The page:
Analysis finds energy sector must be 'transformed' to meet current climate targets
Half of Scotland’s energy could come from renewable sources by 2030, according to fresh analysis.
A report published this week states Scotland can meet current climate targets, but only if 50% of all energy used in the country comes from renewables by the end of next decade.
The analysis, by consultants Ricardo Energy and Environment, identifies a number of key actions that must be taken to reach that target.
These include heating 40% of Scottish homes by renewable energy; pushing through a national efficiency programme to reduce energy use by 30%; and generating almost all electricity from renewable sources.
Any way you look at it, a rapid transition to renewable energy makes sense
Meanwhile, one in three cars, and half of all buses, should be electric, with a long-term plan to phase out fossil-fuel vehicles entirely, the report states.
It goes on to list a number of “welcome benefits” including the creation of new jobs, warmer, healthier homes, and cleaner air, helping reduce the burden on the NHS.
The analysis, for WWF Scotland, Friends of the Earth Scotland and RSPB Scotland, comes as the Scottish Government develops a new energy strategy.
Colin McNaught, managing consultant at Ricardo Energy and Environment said the analysis was the “most sophisticated model yet” for what Scotland’s energy system will look like in 2030 if climate targets are to be met.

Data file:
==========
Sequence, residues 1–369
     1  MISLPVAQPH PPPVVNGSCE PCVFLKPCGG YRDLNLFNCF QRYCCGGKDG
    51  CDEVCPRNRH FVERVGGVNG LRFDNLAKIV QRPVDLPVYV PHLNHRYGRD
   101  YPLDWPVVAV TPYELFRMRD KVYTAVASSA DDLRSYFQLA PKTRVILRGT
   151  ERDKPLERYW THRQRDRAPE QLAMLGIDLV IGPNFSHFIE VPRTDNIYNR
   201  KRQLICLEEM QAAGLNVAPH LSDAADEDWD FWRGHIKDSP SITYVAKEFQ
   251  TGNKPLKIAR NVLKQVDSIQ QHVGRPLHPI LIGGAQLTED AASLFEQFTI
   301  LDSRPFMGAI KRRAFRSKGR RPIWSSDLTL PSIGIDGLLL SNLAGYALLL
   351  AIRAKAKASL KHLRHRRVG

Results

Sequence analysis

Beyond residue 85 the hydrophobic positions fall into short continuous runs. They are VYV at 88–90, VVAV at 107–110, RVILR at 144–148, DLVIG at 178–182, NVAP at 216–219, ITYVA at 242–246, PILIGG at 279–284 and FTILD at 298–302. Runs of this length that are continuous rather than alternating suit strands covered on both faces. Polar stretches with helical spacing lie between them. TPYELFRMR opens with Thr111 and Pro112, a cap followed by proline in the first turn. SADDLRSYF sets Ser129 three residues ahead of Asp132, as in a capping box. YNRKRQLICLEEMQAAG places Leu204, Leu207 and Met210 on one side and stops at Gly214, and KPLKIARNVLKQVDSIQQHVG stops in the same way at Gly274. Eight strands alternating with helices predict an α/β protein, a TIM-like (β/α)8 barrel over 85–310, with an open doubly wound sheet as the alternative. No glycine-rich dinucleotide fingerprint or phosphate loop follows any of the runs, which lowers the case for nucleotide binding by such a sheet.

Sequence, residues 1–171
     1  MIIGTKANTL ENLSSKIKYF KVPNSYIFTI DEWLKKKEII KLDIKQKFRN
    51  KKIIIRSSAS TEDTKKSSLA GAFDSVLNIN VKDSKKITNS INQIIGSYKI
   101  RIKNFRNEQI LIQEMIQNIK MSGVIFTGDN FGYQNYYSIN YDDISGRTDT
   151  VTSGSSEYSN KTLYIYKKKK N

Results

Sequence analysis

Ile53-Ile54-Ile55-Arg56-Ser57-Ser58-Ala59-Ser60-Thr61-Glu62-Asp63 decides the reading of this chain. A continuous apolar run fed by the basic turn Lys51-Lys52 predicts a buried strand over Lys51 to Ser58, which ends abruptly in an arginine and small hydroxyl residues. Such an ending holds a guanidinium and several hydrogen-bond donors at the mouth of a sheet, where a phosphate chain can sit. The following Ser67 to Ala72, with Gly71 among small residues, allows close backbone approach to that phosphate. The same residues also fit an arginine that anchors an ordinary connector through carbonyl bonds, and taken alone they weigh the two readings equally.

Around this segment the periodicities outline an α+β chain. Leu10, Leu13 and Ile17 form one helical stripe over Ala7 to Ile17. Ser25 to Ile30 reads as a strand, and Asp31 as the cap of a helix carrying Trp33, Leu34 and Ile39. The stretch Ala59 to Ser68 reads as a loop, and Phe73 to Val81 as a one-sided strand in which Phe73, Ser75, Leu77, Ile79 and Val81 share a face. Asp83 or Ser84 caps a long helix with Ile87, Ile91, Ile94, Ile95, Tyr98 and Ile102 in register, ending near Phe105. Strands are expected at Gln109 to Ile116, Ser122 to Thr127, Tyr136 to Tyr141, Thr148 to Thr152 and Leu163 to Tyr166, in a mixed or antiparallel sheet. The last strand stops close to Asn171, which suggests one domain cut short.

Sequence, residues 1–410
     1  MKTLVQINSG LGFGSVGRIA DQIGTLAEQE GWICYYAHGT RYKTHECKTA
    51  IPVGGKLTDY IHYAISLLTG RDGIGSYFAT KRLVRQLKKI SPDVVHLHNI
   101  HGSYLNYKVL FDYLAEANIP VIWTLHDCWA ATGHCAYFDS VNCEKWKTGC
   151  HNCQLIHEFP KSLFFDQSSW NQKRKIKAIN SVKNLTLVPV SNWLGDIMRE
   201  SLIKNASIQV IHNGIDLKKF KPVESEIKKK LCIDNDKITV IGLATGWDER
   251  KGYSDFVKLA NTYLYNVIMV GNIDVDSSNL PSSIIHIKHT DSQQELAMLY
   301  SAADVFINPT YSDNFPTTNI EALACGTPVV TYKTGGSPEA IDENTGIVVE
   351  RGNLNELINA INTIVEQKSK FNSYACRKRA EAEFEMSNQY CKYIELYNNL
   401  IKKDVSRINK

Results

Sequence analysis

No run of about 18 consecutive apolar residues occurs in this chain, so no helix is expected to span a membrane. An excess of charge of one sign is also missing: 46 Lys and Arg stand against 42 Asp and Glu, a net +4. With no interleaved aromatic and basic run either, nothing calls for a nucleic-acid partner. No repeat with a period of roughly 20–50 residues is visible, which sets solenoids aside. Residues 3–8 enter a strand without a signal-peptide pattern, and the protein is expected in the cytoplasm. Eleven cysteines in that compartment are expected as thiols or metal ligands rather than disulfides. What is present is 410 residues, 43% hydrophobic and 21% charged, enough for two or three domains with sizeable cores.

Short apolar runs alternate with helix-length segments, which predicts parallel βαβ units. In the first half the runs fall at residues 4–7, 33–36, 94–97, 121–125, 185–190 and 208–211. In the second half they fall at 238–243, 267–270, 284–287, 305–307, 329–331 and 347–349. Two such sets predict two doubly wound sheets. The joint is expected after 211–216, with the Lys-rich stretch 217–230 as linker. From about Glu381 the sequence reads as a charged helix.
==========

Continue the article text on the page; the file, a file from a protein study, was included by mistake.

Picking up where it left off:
He added: “A major transformation across all the energy sectors will need to take place, but the technologies are already available and Scotland has the renewable resources to supply them.”
Lang Banks, WWF Scotland director, said: “This report shows that a 50% renewables target for all our energy needs by 2030 is not only needed, but that it is achievable.
“Ministers should now make this a Scottish Government target and bring in the policies needed in its forthcoming energy strategy.
Doing so would enable Scotland to enjoy the many economic and social benefits that the report suggests would take place as result of generating half of all our energy needs from renewables.”
Dr Richard Dixon, director of Friends of the Earth Scotland, added: “This report shows that investing in tackling climate change brings many other benefits, including helping create jobs in low-carbon sectors, improving people’s living conditions and cleaning up the toxic traffic pollution that blights our towns and cities.
“Any way you look at it, a rapid transition to renewable energy makes sense.”
Colin Howden, director of Transform Scotland, claimed the country’s transport strategy had been “stuck in neutral” since 1990.
He said: “We need to level the playing field so that public transport, cycling and walking can compete with the private car, and have a long-term strategy that clearly shows how all transport will shift over to low-carbon.”
Alexa Morrison, senior policy officer at RSPB Scotland, welcomed the report’s findings.
“Bringing down the emissions of our whole energy system, including strong action on heat and transport, is crucial to protect our natural environment from climate change,” she said.
“We know that, if we plan the roll out of renewables carefully to avoid our most sensitive places for wildlife, we can meet these targets in harmony with nature.”